Vector Calculus, Linear Algebra, and Differential Forms, A Unified Approach (with Barbara Burke Hubbard). Teichmüller Theory and Applications to Geometry. The first volume gave an introduction to Teichmüller theory. Volumes 2 through 4 prove four to Geometry, Topology, and Dynamics. John H. Hubbard 1, 2. Introduction to Teichmüller Theory. Michael Kapovich. August 31, 1 Introduction. This set of notes contains basic material on Riemann surfaces.
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Bers’s papers in Analytic functions, Princeton, I find this to be a very useful reference.
Ahlfors, Lectures on quasi-conformal mappings construction of Teichmuller spaces. I have long held a great admiration and appreciation for John Hamal Hubbard and his passionate engagement with mathematics This book develops a rich and interesting, interconnected body of mathematics that is also connected to many outside subjects. For my own purposes the Hubbard book is what I’d consider a natural starting point.
It makes it a wonderfully self-contained resource, but it can also be daunting to someone trying to read it casually. Sign up using Facebook. Looking at my bookshelf, there’s a few other books that come to mind with varying levels of relevance: Email Required, but never shown. Looking at my bookshelf, there’s a few other books that come to mind with varying levels of relevance:. This book would be on the far topologist-friendly end of the spectrum of books on the topic.
What is a good introduction to Teichmuller theory, mapping class groups etc.
For connections between all these subjects,there’s probably no better current source then Jost’s Compact Riemann Surfaces. Ivanov has a nice review of much of the theory of mapping class groups here. Its advantage over Hubbard is that it exists on gigapedia, but I don’t know how it compares to the other books in this list.
Teichmuller theory in Riemannian geometry. I commend it to you If you’re more analytically minded, I recommend Gardiner and Lakic, Quasiconformal Teichmuller theory and Nag, The complex analytic theory of Teichmuller spaces.
This is because the reader is offered everywhere in the volume the deep insights of the author, who looks at the topics developed from a new vantage point. The foreword itself is worth reading The primer on mapping class groups, by Farb and Margalit. Sign up or log in Sign up using Google. It is now an essential reference for every student and every researcher in the field.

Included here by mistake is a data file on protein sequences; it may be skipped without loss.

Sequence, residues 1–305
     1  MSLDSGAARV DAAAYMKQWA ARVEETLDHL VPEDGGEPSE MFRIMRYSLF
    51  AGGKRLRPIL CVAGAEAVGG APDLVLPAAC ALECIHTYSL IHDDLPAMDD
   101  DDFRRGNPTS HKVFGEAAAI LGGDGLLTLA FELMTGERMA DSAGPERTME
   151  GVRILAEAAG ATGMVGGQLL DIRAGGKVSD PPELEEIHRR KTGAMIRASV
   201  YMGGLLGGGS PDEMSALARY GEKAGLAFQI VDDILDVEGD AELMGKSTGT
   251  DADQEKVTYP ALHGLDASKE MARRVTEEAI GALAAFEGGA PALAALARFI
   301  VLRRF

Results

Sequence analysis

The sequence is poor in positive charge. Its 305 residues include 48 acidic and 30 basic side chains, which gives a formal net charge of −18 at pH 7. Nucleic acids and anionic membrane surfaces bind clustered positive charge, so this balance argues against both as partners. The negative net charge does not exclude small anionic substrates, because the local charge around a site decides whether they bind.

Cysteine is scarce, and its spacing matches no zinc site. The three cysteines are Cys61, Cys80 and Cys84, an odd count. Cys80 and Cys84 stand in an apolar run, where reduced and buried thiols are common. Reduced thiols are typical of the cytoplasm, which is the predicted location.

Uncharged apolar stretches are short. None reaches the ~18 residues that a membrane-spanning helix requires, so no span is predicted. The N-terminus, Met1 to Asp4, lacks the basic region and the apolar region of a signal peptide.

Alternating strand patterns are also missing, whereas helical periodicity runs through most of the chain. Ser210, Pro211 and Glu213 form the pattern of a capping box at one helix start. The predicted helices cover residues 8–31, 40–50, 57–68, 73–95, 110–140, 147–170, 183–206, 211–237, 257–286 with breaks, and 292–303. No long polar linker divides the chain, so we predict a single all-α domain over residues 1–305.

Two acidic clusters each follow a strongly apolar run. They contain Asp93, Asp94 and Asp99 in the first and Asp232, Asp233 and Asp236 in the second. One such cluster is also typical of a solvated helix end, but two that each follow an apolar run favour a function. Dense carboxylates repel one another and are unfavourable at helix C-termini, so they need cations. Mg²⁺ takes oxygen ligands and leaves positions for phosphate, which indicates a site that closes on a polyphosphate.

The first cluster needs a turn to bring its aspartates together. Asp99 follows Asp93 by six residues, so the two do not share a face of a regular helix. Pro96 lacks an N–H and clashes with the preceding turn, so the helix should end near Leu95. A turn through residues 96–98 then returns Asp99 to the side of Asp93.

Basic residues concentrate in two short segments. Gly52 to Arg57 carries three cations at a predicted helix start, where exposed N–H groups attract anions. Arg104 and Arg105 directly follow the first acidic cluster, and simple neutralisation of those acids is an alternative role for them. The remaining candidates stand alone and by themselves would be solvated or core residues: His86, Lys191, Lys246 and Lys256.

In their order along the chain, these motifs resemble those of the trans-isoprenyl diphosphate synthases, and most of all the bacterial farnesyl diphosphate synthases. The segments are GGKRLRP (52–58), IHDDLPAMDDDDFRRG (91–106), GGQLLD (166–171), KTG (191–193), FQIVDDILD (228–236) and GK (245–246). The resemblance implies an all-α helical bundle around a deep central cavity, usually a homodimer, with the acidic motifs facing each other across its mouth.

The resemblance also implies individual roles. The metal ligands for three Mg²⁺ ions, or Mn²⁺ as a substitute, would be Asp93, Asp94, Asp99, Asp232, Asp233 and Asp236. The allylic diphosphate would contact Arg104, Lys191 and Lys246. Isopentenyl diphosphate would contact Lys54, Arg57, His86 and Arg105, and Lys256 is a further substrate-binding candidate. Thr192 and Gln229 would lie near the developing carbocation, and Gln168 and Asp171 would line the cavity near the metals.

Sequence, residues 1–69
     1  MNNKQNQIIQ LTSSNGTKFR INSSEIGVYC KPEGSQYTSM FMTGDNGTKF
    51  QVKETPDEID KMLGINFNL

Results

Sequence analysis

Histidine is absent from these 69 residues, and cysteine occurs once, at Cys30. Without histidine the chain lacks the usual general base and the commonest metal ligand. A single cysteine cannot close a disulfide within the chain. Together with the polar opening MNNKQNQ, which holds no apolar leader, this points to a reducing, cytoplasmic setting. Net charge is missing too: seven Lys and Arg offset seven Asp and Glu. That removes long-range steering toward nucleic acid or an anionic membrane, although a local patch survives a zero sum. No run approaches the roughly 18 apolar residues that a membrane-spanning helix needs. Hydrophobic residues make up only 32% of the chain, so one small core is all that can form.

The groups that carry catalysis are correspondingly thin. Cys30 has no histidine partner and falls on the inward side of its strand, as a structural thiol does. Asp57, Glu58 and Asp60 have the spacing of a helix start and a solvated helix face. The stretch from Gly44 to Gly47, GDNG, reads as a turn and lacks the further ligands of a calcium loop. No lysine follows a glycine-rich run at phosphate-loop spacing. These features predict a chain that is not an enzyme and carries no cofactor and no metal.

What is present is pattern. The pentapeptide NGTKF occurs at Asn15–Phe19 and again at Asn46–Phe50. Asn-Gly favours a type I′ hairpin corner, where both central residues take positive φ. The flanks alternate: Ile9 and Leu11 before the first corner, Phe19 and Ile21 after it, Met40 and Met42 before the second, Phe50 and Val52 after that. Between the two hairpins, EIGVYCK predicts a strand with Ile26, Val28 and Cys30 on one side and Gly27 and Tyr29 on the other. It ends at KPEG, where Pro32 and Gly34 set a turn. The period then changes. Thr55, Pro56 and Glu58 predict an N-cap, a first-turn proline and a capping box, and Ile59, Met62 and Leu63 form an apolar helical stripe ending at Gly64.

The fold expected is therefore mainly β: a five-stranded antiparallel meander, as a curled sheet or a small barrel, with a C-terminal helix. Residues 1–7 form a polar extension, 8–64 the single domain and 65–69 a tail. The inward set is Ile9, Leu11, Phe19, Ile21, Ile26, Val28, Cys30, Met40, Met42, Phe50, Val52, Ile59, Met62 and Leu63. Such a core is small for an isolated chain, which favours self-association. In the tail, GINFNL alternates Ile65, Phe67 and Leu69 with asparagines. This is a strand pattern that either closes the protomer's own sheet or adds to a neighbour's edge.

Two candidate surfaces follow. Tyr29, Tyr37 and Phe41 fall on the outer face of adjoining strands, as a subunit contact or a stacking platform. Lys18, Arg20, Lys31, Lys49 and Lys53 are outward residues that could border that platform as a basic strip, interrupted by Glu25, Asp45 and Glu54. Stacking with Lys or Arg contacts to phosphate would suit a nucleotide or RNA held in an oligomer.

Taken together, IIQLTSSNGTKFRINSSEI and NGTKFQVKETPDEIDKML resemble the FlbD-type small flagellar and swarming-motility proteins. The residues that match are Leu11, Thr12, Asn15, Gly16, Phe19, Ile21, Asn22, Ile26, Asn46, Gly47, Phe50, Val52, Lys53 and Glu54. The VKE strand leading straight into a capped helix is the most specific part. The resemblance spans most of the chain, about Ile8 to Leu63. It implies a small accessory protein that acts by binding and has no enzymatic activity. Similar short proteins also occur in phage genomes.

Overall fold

The emphasis is on mapping class groups rather than Teichmuller theory, but the latter is certainly discussed. Like everything Jost writes, it’s crystal clear if compressed within an epsilson of readability.
Sign up using Email and Password. Surface Homeomorphisms and Rational Functions. Although the treatment of Teichmuller spaces per se is brief in the book,it contains a wealth of other important topics related to Riemann surfaces. Matrix Editions serious mathematics, written with the reader in mind. John Hubbard has a recent book on Teichmuller theory which is quite good and geometric.
It treats a wonderful subject, and it is written by a great mathematician. Post as a guest Name. From the foreword by Clifford Earle In addition to the ones already mentioned: I find “An Introduction to Teichmuller spaces” by Imayoshi and Taniguchi to be a pretty good reference.
Harer’s lecture notes on the cohomology of moduli spaces doesn’t have all the proofs, but describes the main ideas related to the cell decomposition of the moduli spaces; Springer LNM something, I believe; unfortunately I’m away for the holidays and can’t access Mathscinet to find a precise reference.
Hubbard’s book is by far the most readable for the average good student — I don’t think it makes sense to begin with anything else right now. When the projected teichmhller is finished,it should be the definitive introduction to the subject.
I only wish that I had had access to a source of this caliber much earlier in my career.